Freedom of Information Act Office
IC Directors' Meeting Highlights
January 9, 2007
|From:||Senior Assistant to the Deputy Director|
|Subject:||IC Directors' Meeting Highlights — October 26, 2006|
Ethics Survey Results –
Dr. Kington introduced the results of an NIH Ethics Survey, a web survey of current employees taken in the summer of 2006 to examine the impact of the new ethics rules. Mr. Larry Luskin and Mr. Chris Bishop from ORC Macro (an independent analysis firm) explained survey results and conclusions.
8000 employees responded to the web-based survey, covering areas such as job satisfaction, understanding of the new ethics rules, perceived impact of the rules, and evaluation of ethics training. Available demographic information reflected that this group of respondents had comparable distribution to the entire NIH employee population.
Major findings included:
Almost three-quarters (73%) of the respondents (8,000 employees) felt that the new ethics rules would have a positive impact on credibility with the public.
More than half of the survey participants felt that the new ethics rules would have a negative impact on recruitment (56%) or retention (55%) of staff.
More than three-quarters of the respondents felt that the new rules would have no impact (67%) or had a positive impact (19%) on their career outlook. The new rules either had no impact (65%) on job satisfaction, or had a positive impact on it (19%). For the category of "ability to perform their job well," 90% of those who responded felt that the rules had no impact (71%), or had a positive impact (19%) on this measure.
However, those who have had to take action as a result of the new rules, and scientists as a group (the two categories overlap), had considerably more negative perceptions of the new ethics rules and their impact on recruitment and retention.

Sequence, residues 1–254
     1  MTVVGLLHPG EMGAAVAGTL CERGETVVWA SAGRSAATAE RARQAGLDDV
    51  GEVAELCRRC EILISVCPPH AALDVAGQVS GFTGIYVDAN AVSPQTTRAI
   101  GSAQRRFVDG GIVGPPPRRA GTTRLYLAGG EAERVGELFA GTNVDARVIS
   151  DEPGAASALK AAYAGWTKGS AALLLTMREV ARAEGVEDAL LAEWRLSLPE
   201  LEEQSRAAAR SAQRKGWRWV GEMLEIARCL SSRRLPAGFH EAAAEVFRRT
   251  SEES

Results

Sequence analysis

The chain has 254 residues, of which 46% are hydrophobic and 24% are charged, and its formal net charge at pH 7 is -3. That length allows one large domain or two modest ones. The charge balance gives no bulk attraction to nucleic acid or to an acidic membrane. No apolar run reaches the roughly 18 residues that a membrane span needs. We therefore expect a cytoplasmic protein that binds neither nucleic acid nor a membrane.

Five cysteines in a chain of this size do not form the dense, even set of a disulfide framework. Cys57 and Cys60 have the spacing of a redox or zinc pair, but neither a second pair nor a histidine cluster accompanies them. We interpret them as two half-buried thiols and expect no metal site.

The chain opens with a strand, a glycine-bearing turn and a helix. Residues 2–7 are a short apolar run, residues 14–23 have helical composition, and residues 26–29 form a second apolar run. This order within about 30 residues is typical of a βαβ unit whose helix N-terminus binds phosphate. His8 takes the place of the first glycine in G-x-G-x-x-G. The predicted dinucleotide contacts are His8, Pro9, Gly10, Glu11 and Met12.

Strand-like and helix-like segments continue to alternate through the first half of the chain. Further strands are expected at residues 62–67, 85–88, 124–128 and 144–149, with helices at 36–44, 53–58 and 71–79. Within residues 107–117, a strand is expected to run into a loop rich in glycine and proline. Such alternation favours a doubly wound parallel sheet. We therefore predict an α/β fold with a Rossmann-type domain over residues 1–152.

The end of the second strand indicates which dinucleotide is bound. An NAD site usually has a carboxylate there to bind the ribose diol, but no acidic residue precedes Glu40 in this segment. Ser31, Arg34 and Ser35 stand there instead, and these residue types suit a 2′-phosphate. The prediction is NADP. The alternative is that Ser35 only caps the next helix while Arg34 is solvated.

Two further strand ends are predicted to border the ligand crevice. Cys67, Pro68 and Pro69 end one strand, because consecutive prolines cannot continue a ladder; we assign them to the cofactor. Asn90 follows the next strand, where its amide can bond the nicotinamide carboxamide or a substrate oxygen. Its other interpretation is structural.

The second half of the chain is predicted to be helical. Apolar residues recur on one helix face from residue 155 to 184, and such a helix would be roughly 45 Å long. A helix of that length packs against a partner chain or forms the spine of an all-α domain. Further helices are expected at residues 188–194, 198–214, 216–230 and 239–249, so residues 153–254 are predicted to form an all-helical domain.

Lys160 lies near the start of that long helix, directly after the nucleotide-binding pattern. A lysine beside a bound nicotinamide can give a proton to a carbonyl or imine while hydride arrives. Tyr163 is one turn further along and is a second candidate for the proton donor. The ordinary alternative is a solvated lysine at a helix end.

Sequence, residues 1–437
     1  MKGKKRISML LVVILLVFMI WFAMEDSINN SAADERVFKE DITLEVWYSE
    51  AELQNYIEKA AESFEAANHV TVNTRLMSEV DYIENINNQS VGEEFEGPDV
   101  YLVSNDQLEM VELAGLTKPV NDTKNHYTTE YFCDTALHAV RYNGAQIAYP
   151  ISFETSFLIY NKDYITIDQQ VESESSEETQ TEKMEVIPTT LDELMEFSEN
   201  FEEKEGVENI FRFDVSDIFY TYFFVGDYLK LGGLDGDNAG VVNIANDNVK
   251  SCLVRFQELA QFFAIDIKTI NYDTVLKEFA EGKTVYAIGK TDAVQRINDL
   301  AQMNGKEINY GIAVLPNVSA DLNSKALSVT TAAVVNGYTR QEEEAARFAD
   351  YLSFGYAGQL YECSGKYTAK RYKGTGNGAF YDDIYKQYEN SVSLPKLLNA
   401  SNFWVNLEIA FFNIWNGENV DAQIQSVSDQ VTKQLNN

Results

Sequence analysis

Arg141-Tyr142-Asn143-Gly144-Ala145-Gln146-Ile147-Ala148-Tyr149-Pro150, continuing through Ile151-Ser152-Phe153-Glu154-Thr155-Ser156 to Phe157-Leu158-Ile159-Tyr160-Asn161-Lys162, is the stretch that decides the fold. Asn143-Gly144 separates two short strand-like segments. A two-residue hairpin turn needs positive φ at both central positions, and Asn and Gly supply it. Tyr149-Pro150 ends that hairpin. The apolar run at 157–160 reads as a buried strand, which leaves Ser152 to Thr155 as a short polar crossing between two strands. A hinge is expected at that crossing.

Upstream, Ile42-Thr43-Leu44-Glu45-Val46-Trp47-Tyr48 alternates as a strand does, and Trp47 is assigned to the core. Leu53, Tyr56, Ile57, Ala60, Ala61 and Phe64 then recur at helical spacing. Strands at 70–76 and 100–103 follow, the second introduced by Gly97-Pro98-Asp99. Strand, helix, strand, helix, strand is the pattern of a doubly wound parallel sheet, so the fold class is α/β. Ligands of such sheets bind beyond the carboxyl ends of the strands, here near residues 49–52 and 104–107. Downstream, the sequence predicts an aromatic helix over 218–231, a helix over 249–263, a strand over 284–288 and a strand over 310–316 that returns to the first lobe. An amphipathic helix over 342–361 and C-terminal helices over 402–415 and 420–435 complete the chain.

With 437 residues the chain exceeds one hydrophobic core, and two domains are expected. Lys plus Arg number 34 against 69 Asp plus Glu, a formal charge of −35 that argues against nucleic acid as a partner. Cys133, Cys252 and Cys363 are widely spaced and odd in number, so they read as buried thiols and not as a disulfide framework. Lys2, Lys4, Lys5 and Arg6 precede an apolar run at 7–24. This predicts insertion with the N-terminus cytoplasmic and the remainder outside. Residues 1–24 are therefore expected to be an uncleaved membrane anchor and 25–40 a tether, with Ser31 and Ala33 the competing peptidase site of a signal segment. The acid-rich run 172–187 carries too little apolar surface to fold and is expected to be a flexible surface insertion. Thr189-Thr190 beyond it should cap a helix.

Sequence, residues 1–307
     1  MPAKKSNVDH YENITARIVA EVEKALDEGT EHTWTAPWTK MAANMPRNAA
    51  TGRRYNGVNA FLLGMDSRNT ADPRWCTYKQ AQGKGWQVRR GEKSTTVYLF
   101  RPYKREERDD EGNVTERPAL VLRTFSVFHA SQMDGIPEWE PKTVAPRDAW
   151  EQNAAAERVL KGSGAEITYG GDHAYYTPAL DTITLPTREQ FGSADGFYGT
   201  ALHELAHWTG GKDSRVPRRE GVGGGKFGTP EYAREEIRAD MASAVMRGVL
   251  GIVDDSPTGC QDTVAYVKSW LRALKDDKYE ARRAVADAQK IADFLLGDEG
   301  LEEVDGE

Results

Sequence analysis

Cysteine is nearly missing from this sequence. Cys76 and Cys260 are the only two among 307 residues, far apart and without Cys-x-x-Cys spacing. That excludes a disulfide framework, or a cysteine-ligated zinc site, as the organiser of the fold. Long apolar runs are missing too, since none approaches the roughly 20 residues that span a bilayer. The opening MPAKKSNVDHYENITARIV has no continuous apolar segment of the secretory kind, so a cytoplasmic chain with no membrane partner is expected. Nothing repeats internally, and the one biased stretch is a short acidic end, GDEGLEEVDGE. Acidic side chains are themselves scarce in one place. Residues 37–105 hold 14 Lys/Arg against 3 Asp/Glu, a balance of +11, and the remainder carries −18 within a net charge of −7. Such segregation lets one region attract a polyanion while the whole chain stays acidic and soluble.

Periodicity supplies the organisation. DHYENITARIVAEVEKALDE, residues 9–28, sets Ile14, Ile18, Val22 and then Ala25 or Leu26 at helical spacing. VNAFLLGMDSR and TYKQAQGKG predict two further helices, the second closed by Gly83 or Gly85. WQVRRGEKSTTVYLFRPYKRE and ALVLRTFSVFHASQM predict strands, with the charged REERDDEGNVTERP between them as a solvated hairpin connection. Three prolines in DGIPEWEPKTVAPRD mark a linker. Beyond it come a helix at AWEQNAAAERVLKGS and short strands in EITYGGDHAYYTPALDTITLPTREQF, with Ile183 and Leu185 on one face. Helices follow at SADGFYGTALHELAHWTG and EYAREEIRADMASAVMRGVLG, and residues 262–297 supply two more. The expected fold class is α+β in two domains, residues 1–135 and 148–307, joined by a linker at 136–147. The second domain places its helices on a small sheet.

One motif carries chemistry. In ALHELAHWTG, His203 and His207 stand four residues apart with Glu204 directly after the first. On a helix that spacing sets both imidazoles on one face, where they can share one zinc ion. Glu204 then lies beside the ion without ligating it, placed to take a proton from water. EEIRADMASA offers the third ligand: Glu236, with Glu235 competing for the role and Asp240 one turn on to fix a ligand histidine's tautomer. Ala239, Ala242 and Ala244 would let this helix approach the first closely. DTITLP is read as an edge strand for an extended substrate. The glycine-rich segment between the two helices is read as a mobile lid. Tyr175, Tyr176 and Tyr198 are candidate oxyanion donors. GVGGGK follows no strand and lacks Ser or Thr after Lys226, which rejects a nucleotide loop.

There are some areas in the survey where interpretation of results is difficult. For example scientists (18.1%) were more likely than non-scientists (8.1%) to report that they were actively or had considered looking for a position outside of NIH. However job satisfaction and intent to be working for NIH next year was higher among scientists compared to the respondents as a whole:
“Considering everything, I am satisfied with my job.”
- 81.3% all scientists
- 79.1% tenured/tenure track scientists
- 78.6% all respondents
Intention to be working at NIH next year
- 87.8% all scientistS
- 86.1% tenured/tenure track scientists
- 85.6% all respondents
Questions followed regarding further breakdown of responses between scientific and non-scientific staff, particularly regarding issues of staff retention.
While some of this information is available, Dr. Kington stated that NIH does not have the data and needs to maintain this separation in order to protect the confidentiality of the respondents and to maintain the integrity of the results. NIH is waiting for OMB clearance to conduct the next phase of the survey, where employees who recently left NIH will be contacted to determine the impact of the new ethics rules on their decisions to leave.
Forms used for ethics training are being revised and posted online. Efforts are being made to modify the ethics training program for ease of use.
Penny Wung Burgoon